Peace, love and pizza. Peace of the Pie brings a new touch to an old favorite

By on March 7, 2020




The Terminator

Pizza. It’s already a crowded field on the Outer Banks.  One might think opening a new pizza restaurant would give the new entrants some pause.

But if the new team consists of veteran Outer Banks restaurateurs Kevin Cherry and Kwan Gray of Mama Kwans (and Mexicali Brews), it’s a good bet they’ve found an angle to carve out a niche.

Add to the mix two young and energetic partners — Lance and Fran Marler — lately of the Kill Devil Grill and one can rest easy. We’re going to have a must-visit venue in our midst.

The story begins forty-five years ago. That’s when Pizza Hut became the first national chain to open a store on the Outer Banks, a location Cherry said was one of their busiest summer outlets in the entire country.

Over the years, locals and visitors likely noticed a decline in the store — both in terms of service and the general upkeep of the property.

Cherry said the opportunity of an adjacent parcel becoming available was something he and Gray couldn’t pass up. Kwans’ has long enjoyed what many would see as a good problem to have — a shortage of parking spaces due to its popularity. The Pizza Hut location would alleviate that problem.

However, their accountant told them zoning rules would require they run a business there. It couldn’t just become a huge parking lot.

“So we decided it had to be a pizza place since that location had been associated with pizza for forty-five years. That part was a no-brainer. It made no sense to try to duplicate the Kwans experience. But we needed to lease it out so Kwan and I wouldn’t be running two locations. Preferably we wanted someone we knew who wanted a shot to run their own restaurant down here and needed some help. It’s difficult to break into the business on the Outer Banks,” Cherry noted.

Enter Lance and Fran Marler.

“They had become close friends with Kwan and he suggested them to me when we decided to take on the Pizza Hut property. He was heading to Thailand so I told him I’d contact them. Kwan was pleased and responded it would provide an opportunity for the couple to “get a piece of the pie. Which is how the restaurant came by its name,” he added.

Cherry’s story begins as a high school dropout who became a machinist at the Naval Air Rework Facility in Norfolk. He then got into bartending and teaching karate while working in a dive bar in Portsmouth. He visited Japan and then migrated to the Outer Banks. He found work with Mike Kelly, whom he considers a mentor and who is someone he still goes to for advice.

Cherry still wanted to explore life a bit more so he left the Outer Banks after a year and landed in the Hell’s Kitchen area of New York City. He enrolled in the American Academy of Dramatic Arts to pursue an acting career and even did some off-Broadway gigs. But he found there were two types of actors — starving and successful. He wasn’t making it as an actor but was doing well managing restaurants so he chose not to starve and returned to the Outer Banks, working for several successful restaurants.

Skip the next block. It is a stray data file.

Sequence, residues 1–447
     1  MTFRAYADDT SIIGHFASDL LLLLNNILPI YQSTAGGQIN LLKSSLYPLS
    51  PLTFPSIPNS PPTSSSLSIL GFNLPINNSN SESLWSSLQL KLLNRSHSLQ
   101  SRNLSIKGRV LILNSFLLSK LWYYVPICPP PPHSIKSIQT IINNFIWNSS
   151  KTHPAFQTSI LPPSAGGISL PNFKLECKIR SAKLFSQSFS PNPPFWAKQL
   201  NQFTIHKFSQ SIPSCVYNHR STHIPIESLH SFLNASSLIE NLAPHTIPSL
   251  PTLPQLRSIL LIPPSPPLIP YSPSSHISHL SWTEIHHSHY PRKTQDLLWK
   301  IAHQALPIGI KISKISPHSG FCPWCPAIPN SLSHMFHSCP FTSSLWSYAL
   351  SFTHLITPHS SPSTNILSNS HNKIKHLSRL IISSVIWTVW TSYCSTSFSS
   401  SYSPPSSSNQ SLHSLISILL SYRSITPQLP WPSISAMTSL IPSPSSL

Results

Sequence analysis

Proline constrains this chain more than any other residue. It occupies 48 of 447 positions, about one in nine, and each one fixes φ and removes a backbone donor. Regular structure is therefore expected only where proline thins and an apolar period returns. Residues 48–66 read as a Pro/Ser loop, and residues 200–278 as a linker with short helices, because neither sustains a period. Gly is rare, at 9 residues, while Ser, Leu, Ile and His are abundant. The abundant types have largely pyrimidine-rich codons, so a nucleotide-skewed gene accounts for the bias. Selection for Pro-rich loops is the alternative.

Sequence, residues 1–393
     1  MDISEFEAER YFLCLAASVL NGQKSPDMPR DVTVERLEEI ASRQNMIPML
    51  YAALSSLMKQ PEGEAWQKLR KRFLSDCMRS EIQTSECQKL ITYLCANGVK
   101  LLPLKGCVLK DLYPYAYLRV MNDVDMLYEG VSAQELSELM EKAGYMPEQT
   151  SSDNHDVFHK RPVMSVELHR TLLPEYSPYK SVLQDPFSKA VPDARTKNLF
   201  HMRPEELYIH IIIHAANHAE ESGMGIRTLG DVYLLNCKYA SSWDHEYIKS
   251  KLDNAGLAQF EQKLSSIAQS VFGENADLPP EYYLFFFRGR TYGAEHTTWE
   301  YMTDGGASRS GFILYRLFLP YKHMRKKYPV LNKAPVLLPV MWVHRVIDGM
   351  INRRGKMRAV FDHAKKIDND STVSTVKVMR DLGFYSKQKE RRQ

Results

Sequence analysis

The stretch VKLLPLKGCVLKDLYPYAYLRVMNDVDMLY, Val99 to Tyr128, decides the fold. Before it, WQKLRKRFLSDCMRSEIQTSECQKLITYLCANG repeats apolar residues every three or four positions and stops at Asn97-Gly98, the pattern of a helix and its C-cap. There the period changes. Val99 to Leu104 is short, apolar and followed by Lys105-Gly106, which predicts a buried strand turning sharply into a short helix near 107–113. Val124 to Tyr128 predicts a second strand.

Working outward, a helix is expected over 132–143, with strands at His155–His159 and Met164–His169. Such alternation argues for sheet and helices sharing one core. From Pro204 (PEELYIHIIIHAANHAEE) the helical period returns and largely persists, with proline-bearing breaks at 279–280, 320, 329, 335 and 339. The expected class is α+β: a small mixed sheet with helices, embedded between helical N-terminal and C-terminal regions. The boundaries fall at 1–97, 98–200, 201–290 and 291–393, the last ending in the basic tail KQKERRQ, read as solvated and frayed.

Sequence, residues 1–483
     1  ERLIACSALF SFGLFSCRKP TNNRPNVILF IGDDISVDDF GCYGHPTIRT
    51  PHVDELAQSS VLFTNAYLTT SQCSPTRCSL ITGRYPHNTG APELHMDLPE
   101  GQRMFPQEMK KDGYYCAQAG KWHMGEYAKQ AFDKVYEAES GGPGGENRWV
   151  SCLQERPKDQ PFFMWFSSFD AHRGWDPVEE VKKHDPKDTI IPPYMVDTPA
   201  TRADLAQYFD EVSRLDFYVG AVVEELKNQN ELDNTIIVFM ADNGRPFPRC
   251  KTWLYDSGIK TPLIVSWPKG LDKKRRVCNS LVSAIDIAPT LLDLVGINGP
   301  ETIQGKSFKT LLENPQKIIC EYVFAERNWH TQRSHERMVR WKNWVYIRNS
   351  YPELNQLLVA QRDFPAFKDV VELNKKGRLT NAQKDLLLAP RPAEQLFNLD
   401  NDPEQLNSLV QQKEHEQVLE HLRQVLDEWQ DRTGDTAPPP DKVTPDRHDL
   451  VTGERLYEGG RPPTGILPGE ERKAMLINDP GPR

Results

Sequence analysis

Kwan Gray has a similar story — growing up in Elizabeth City and getting into surfing and restaurant work in Virginia Beach and the Outer Banks. At one time he worked at the Secret Spot Surf Shop. He then found his way into the world of restaurants and discovered he had a knack for the culinary side of the business.

Cherry and Gray knew of each other in the restaurant field, but didn’t actually work together until a stint at the old Quagmire’s under John Kirchmier. They got along well and began planning their own adventure.

As a duo they follow different paths. Cherry is the one you’ll see out front and is the ‘face’ of Kwans. Gray works his magic in the kitchen where locals have come to rely on his tantalizing menu offerings that make Mama Kwans fans some of the most loyal you’ll find anywhere.

Lance and Fran Marler followed a similar circuitous route to these shores. They met in South Carolina where Fran was a student at Coastal Carolina University and Lance was in the U.S. Navy. Both worked in restaurants, given their proximity to Myrtle Beach.

Fourteen years ago, Fran had finished college and Lance was out of the Navy. They made a decision to come to the Outer Banks.

Fran landed at Whalebone Surf Shop and Lance decided to try his hand at boat building. She missed the restaurant side of things and Lance decided building boats wasn’t his cup of tea. They found themselves back in the restaurant sector.

The couple met Cherry and Gray when the duo opened Mexicali Blues (later Mexicali Brewz) on the Beach Road and the Marlers came on board. A friendship between the four developed and Fran Marler relates they had many discussions about the foursome doing something together one day.

Eventually Chery and Gray sold Mexicali’s (it’s now The Bonzer Shack owned by their old Quagmire’s boss John Kirchmier) and the Marlers moved on to Kill Devil Grill, where they both spent the last 10  years.

Lance was in the kitchen and worked under chefs with culinary school backgrounds, allowing him to learn and hone his own culinary skills. Fran bartended, waited tables and did whatever work was needed — a front of the store role.